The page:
Man Imprisoned for 16 Years After 'Lovely Bones' Author Wrongfully Accused Him of Rape Will Get $5.5 Million

Anthony J. Broadwater, 62, served 16 years behind bars after being wrongfully accused of raping author Alice Sebold

man imprisoned for 16 years gets $5.5 million, Anthony Broadwater
Anthony Broadwater. Photo: Matt Burkhartt for The Washington Post via Getty

A New York man who was wrongly convicted of the rape of award-winning author Alice Sebold will receive a $5.5 million payment from the State of New York.

Anthony J. Broadwater, 62, served 16 years behind bars for the 1981 attack.

"I appreciate what Attorney General [Letitia James] has done, and I hope and pray that others in my situation can achieve the same measure of justice," Broadwater said in a statement, the New York Times reported. "We all suffer from destroyed lives."

According to Broadwater's attorney Melissa Swartz, the settlement agreement ended the lawsuit Broadwater had filed because of his wrongful conviction.

"We are obviously excited to get that lawsuit behind us," Swartz tells PEOPLE. "It is going to provide Anthony with some financial stability for right now.

"We are obviously relieved they were willing to settle the case and they were willing to doing it without actually deposing Anthony which we thought was extremely kind of the attorney's general's office to not put him through a deposition," she added.

In a statement provided to PEOPLE, Attorney General James said Broadwater "was convicted for a crime he never committed, and was incarcerated despite his innocence. While we cannot undo the wrongs from more than four decades ago, this settlement agreement is a critical step to deliver some semblance of justice to Mr. Broadwater."

Broadwater was a 20-year-old Marine in 1981 when he was accused of raping Sebold, an 18-year-old freshman at Syracuse University.

Want to keep up with the latest crime coverage? Sign up for PEOPLE's free True Crime newsletter for breaking crime news, ongoing trial coverage and details of intriguing unsolved cases.

Alice Sebold
Alice Sebold. Leonardo Cendamo/Getty Images

Despite the fact that the rape victim identified a different man as her attacker during a police lineup assembled six months after the crime, Broadwater was brought to trial.

During Broadwater's trial, Sebold took the witness stand and pointed at Broadwater when asked if her attacker was present. Broadwater was convicted in 1982 and a judge sentenced him to 8⅓ to 25 years behind bars.

Sebold went on to write the acclaimed book The Lovely Bones, as well as a 1999 memoir, Lucky, about the attack. Broadwater served 16 years in prison, after which he was added to New York's sex offender registry.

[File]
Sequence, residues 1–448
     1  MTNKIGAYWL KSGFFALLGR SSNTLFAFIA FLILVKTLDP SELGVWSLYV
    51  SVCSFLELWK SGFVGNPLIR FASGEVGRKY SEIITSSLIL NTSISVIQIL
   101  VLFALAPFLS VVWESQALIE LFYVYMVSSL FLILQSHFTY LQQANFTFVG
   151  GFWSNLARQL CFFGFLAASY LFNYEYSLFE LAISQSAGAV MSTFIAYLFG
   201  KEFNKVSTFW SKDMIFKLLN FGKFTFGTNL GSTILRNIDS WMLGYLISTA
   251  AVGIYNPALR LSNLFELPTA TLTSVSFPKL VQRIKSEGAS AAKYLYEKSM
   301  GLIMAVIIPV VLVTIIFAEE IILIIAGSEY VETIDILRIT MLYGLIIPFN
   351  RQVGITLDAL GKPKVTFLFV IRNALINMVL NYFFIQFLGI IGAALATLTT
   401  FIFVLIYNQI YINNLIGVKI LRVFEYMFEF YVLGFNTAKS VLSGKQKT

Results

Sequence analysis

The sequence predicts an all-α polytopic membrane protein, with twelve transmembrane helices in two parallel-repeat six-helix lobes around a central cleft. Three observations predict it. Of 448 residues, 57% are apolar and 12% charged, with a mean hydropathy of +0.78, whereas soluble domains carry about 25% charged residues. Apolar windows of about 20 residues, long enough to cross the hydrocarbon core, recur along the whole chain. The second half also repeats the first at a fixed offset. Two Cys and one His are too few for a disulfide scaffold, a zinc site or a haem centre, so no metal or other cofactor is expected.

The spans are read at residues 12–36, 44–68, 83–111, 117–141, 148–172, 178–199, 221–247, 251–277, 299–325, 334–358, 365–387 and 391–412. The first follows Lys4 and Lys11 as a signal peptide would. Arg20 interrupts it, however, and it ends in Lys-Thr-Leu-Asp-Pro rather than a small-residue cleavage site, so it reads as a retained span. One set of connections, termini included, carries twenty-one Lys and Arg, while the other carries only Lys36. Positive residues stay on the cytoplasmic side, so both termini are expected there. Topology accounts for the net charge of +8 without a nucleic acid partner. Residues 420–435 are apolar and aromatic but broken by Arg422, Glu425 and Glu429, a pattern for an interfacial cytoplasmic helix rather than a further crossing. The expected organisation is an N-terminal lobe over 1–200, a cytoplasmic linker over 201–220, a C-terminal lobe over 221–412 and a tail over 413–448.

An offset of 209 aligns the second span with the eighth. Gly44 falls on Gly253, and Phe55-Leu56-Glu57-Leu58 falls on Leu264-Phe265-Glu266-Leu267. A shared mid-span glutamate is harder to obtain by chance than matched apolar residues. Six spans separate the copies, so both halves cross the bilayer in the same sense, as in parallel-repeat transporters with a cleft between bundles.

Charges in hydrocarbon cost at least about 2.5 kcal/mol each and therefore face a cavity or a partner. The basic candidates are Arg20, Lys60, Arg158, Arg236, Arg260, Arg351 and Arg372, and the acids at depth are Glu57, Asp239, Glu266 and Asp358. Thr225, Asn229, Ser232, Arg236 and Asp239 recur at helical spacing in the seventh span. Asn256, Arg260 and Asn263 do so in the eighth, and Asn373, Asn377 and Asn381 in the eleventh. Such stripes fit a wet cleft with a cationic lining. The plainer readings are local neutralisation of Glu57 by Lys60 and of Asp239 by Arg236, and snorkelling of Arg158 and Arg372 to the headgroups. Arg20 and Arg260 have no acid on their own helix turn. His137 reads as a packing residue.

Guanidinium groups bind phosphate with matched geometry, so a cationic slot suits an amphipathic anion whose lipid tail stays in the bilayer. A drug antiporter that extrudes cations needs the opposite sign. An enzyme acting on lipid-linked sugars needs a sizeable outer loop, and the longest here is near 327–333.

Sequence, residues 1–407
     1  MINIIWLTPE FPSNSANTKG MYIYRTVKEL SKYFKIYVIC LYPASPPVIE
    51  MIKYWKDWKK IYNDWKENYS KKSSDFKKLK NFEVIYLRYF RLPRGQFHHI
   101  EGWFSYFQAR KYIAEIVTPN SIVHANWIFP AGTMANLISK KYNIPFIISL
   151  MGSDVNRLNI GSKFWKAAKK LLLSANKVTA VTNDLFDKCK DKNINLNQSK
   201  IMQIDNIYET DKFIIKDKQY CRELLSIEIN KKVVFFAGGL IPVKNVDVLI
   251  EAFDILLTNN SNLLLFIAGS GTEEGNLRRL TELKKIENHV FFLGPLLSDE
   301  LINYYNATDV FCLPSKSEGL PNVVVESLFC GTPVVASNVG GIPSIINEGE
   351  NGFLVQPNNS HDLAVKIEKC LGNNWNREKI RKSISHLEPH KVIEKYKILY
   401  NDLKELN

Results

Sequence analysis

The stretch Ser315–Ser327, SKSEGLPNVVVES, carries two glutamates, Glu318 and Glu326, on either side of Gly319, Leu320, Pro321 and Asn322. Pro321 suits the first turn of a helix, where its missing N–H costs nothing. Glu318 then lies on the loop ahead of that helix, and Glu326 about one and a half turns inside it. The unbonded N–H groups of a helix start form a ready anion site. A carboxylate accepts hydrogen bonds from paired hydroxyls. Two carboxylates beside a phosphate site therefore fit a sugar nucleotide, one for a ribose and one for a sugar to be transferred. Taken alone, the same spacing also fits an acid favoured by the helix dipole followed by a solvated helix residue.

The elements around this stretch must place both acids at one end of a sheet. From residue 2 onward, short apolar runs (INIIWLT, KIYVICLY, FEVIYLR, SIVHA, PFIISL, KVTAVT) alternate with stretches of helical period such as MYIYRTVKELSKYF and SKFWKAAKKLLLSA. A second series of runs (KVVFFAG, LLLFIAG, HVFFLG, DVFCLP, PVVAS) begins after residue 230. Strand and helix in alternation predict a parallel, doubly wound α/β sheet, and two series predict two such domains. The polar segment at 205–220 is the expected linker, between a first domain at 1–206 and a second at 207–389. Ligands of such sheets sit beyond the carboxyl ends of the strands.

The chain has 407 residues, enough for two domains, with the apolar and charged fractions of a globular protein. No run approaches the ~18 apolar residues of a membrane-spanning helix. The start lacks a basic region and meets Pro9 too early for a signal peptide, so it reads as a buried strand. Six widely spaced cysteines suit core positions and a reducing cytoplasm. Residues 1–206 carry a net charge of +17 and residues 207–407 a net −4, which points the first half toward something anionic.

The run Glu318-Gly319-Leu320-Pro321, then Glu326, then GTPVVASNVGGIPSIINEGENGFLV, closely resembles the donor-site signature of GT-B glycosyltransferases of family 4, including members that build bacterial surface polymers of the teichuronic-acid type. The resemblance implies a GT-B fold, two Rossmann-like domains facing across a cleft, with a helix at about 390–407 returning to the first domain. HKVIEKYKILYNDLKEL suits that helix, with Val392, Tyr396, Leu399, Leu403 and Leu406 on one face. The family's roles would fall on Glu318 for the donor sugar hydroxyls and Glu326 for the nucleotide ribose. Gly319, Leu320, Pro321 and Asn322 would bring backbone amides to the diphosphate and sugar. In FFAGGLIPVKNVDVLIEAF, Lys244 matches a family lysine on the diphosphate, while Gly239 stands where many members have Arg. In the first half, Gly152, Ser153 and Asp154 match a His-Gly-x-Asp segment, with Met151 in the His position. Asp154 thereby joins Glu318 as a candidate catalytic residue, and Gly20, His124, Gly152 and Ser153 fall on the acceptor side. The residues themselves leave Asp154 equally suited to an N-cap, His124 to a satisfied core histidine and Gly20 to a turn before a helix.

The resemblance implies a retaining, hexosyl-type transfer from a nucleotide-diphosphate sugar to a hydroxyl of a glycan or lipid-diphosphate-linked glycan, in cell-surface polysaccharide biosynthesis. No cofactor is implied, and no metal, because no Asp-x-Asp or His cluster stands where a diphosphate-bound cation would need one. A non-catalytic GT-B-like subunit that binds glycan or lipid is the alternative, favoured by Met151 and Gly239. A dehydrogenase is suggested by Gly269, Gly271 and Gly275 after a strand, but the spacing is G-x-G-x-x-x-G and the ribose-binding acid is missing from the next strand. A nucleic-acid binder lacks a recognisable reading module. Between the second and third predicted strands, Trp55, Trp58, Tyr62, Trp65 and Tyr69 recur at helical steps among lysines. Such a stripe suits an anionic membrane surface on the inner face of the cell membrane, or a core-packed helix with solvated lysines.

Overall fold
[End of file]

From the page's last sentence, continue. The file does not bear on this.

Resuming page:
(In 2009, The Lovely Bones was made into a film starring Saoirse Ronan, Rachel Weisz, Mark Wahlberg, Susan Sarandon, and Stanley Tucci.)

For years, Broadwater maintained his innocence — unsuccessfully appealing his conviction four times in his unrelenting mission to clear his name.

For years, the handyman worked only odd jobs here and there, with his rape conviction narrowing his job prospects. For years, he'd attend family gatherings, but leave after only a few minutes — uncomfortable from getting the cold shoulder.

"I don't have a lot of pictures of my family members, you know?," explained Broadwater, who spoke to PEOPLE in 2021. "I mean, I've got pictures of the family, but I don't have pictures of me with them."

In 2021, Broadwater sobbed in court when a judge — approving his fifth and final appeal — pardoned him, finally clearing his name after 40 years.

Since his exoneration, Sebold has apologized to Broadwater and his supporters.

While he's accepted Sebold's apology — "If it's sincere, and from her heart, I can accept it," he said — he never read her memoir.

"I can't read that book," Broadwater told PEOPLE. "I never could read it. I never wanted to cloud my mind about whatever she was saying about whoever she thought had done this to her ... It wasn't me."

Broadwater currently has a lawsuit filed against Onondaga County, the City of Syracuse, an assistant district attorney and a Syracuse police officer.

"We have turned our focus now to the federal civil rights lawsuit that is still pending," Swartz says.

Related Articles